…By Lola Smith for TDPel Media.
In a distressing incident, the lifeless body of 76-year-old Robert Alton was discovered in his flat six years after his passing.
The shocking revelation came to light when the landlord obtained a court order to enter the property and inspect the gas supply.
An inquest concluded that Mr. Alton likely died in May 2017.
The housing association, Bolton at Home, expressed deep shock and acknowledged their failure to check on Mr. Alton’s welfare, vowing to take immediate action to prevent such an occurrence in the future.
Failure to Check on Tenant’s Welfare:
Bolton at Home’s chief executive officer, Noel Sharpe, acknowledged the housing association’s responsibility and expressed their dismay at the situation.
He revealed that numerous attempts had been made to contact Mr. Alton over the years, as his rent was paid through housing benefits.
Despite these efforts, the organization’s previous procedures and attempts to understand the situation had not been sufficient.
Mr. Sharpe admitted that opportunities were missed to identify potential problems and expressed regret over their failure to check on Mr. Alton’s welfare.
Policy Change and Discovering the Body:
Following this tragic incident, Bolton at Home implemented a policy change in July 2022.
The new policy mandates the acquisition of legal warrants to gain access to tenants’ homes when they cannot be contacted for gas safety checks.
It was this change that eventually led to the discovery of Mr. Alton’s body.
Mr. Sharpe emphasized that the housing association had taken immediate action to reduce the risk of such incidents occurring again, recognizing the profound impact it had on both the organization and the community.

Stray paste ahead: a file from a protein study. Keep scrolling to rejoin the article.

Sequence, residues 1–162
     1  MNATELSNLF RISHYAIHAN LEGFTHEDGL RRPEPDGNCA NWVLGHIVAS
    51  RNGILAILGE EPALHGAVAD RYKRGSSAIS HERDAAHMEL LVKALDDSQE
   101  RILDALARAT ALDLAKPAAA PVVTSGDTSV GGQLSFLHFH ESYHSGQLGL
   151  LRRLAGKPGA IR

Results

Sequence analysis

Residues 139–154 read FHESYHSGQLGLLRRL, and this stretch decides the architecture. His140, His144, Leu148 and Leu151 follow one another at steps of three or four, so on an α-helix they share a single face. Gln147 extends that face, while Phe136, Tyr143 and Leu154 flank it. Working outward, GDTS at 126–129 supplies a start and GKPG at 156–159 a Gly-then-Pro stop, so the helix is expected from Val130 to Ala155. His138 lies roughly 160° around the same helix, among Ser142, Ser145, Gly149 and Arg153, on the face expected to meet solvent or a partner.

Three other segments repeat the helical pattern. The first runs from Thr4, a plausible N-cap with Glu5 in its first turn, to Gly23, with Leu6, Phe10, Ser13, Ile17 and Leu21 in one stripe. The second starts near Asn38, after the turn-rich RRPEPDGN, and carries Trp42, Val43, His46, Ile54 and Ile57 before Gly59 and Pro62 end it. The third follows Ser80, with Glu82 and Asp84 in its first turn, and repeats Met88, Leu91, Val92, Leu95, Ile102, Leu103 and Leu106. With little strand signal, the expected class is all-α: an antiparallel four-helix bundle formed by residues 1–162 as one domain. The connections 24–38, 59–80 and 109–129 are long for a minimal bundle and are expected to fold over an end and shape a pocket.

Steps to Prevent Recurrence:
Bolton at Home has not only modified their procedures but also aims to strengthen their approach to ensure the welfare of tenants.
They have initiated measures to facilitate closer collaboration between the tenancy support team and the gas safety team in cases where access to a property is challenging and concerns about the tenant’s well-being arise.
The organization is committed to exploring additional steps to further mitigate the risk of similar tragedies in the future.
Apologies and Condolences:
Mr. Sharpe extended heartfelt condolences to the loved ones, friends, and neighbors of Robert Alton.
He acknowledged the missed opportunities to investigate the circumstances surrounding Mr. Alton’s inability to be contacted and expressed sincere apologies for the organization’s shortcomings in this regard.
Bolton at Home recognizes the pain caused by their failure and is committed to rectifying their procedures and providing better support to ensure the well-being of their tenants.
Coroner’s Verdict and Untraced Relatives:
Coroner Peter Sigee recorded an open verdict on the case, as the cause and exact circumstances of Mr. Alton’s death remain uncertain.
Despite Greater Manchester Police’s efforts to locate relatives through an appeal, no family members have been traced at this time.
Analysis and Commentary:
The tragic discovery of Robert Alton’s body in his home, six years after his death, raises significant concerns about the duty of care and welfare checks in the housing sector.
The incident highlights the necessity for robust protocols to ensure the well-being of vulnerable individuals, especially those receiving housing benefits or living alone.
Bolton at Home’s acknowledgment of their failure and subsequent policy changes demonstrate a commitment to rectifying the situation and preventing similar incidents.
By implementing the requirement for legal warrants and enhancing collaboration between support teams, the organization aims to minimize the risk of tenants being left unattended for extended periods.
However, the incident underscores the need for a broader examination of welfare checks and procedures across housing associations and landlords in general.
Stricter guidelines and increased oversight may be necessary to ensure the well-being of tenants, particularly those who may be isolated or have limited support systems.